With VIA's recent launch of it's $49 Android PC, I couldn't help but think there must be an awful lot of enthusiastic mobile developers, right about now. In fact, hardware is getting so cheap that job-seekers and people wanting to break into mobile or embedded development can start learning the basics with only an incredibly meager investment. Add to that freely available open source resources and obtaining development software becomes a non-issue. Budding entrepreneurs could use their older laptops for programming, leaving them to concentrate on their imagination and motivation.
VIA Android Career Kickstarter
What kinds of extreme, interactive and profitable projects could you dream up with a $49 computer? Here's what's under the hood with VIA:
- WonderMedia ARM 11 System-on-a-Chip (SoC), with a 6.70” x 3.35” footprint
- 4 watts of power when idling. At full throttle it consumes just 13.5 watts.
- A bunch of USB ports, Ethernet, HDMI, VGA, and sound.
- Users add a display, keyboard and mouse. Touch-screen technology certainly makes sense, as well.
Is $49 for a VIA Android PC still too rich for your blood? There's more in this bag of tricks.
Give Your Career a Raspberry
Raspberry Pi is another “computer” with a small form-factor and an even smaller price of $35. This one has many of the same ports as the VIA PC, but runs on a slimmed-down version of Linux. According to the Raspberry Pi organization, the board was designed to be affordable enough to encourage young people to get back into learning to program, regardless of their economic situation. As you might expect, interest in the low-cost board has been enormous. Hospitals and museums wanted them for display screens, organizations in developing countries wanted them as alternatives to higher-priced mainstream PCs, while do-it-yourself developers wanted them for hacking. Running Linux gives developers powerful tools like C compilers, Apache Web servers, and all kinds of automation and scripting capabilities. The board also has a collection of general purpose input/output pins available, which might be useful for non-time-critical analog and digital control functions. There's already a rapidly growing development community around the Raspberry Pi.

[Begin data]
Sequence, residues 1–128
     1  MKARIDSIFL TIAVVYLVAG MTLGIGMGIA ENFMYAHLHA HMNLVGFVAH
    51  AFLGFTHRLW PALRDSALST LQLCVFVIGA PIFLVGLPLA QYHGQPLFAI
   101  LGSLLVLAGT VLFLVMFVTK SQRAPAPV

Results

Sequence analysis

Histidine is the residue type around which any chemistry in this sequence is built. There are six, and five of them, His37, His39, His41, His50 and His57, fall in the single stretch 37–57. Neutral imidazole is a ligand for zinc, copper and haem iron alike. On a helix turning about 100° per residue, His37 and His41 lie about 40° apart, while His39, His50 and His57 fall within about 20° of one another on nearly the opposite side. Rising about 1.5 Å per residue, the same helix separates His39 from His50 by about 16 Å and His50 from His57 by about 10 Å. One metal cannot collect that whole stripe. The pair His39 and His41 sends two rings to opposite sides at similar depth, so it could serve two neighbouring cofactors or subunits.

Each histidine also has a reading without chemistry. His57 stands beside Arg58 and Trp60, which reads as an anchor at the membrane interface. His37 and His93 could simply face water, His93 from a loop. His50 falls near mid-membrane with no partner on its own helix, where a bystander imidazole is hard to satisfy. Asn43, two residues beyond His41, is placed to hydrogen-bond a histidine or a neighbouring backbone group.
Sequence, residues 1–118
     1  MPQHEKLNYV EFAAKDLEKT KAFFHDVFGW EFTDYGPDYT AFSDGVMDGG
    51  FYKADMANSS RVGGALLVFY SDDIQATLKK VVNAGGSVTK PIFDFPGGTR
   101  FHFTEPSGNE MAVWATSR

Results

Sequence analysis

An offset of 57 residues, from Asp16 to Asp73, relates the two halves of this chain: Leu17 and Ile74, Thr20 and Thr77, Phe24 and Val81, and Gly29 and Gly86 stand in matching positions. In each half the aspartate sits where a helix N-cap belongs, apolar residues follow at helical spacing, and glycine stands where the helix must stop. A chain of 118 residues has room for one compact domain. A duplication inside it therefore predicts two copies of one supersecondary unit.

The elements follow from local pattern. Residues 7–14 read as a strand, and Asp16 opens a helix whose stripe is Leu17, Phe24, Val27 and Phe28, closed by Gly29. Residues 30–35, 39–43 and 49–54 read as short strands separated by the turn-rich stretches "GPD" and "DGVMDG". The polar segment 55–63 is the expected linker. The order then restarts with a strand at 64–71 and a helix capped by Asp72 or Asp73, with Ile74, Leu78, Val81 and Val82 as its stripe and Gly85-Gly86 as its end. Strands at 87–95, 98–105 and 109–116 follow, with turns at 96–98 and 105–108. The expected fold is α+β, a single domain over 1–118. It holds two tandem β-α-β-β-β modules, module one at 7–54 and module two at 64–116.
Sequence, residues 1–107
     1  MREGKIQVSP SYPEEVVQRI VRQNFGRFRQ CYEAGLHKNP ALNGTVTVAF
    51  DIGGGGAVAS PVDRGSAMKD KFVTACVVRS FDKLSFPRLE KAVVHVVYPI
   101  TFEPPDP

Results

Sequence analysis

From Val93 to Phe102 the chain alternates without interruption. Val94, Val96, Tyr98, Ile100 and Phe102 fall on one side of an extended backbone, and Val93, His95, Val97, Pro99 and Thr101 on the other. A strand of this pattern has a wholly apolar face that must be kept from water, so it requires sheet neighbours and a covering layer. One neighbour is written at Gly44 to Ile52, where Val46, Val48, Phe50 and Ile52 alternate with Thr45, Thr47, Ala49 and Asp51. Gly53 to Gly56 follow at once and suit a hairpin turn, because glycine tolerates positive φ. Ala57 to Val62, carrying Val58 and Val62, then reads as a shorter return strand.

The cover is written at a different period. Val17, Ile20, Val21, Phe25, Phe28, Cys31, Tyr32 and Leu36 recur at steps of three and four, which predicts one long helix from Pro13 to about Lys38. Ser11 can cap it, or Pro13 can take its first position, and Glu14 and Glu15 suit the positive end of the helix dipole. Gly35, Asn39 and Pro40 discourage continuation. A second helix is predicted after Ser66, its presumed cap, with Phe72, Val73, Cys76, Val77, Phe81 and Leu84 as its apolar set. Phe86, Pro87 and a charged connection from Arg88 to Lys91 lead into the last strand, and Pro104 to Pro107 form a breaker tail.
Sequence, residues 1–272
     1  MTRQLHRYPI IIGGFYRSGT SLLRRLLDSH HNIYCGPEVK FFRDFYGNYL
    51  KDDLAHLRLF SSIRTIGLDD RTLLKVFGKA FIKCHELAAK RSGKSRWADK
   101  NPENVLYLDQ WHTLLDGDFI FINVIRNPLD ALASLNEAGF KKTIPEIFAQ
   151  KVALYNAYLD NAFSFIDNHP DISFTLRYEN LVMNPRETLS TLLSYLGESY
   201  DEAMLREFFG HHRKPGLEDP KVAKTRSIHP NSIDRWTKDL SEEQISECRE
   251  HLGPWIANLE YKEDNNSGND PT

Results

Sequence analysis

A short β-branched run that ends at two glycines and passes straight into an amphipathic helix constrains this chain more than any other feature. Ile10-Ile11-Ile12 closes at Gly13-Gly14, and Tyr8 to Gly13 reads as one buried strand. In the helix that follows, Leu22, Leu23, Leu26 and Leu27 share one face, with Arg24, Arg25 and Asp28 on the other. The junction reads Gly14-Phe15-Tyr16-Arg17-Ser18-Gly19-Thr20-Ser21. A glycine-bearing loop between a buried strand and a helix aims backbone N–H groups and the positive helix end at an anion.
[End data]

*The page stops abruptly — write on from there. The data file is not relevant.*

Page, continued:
Arduino Career Launcher
Then we come to the Arduino. This little micro-controller board has seen an insane amount of community interest and hacking. It's not a cheap PC. Rather, it's designed to link the real-world of sensors, switches, motors, actuators, etc. with basic computational power for automation and control. Priced at around $30, this device reads inputs, performs programmed computational and decision-making operations on the input data, then manipulates outputs. The Arduino has both analog and digital inputs and outputs, along with serial and USB interfaces. Programming is through an integrated development environment (IDE) running on an external Windows, Mac OS X, or Linux PC. Arduinos can function as standalone systems, or pipe data back and forth to tiny servers, such as the Raspberry Pi, to feed data to Web pages or databases. For a deeper understanding of this concept, look up the "Internet of Things" and to find Arduino-related items for sale like sensors and electro-mechanical products check out Sparkfun.com.
Breaking Down Barriers To Entry
Hardware costs for prototyping, or even production, is no longer a barrier to entry for budding entrepreneurs, particularly since Android and Linux are relatively easy to hack. These devices might be fashioned into an automotive entertainment systems, a variety of remotely controlled smart devices (robots, standalone autonomous systems, and UAVs), or interactive mobile computing platforms we can't even imagine yet. Micro-controllers and small-footprint PCs are everywhere. They are integrated into many larger systems and are readily available off-the-shelf. Now is definitely a great time to seize the moment and turn these devices into useful products and services people want and are willing to buy.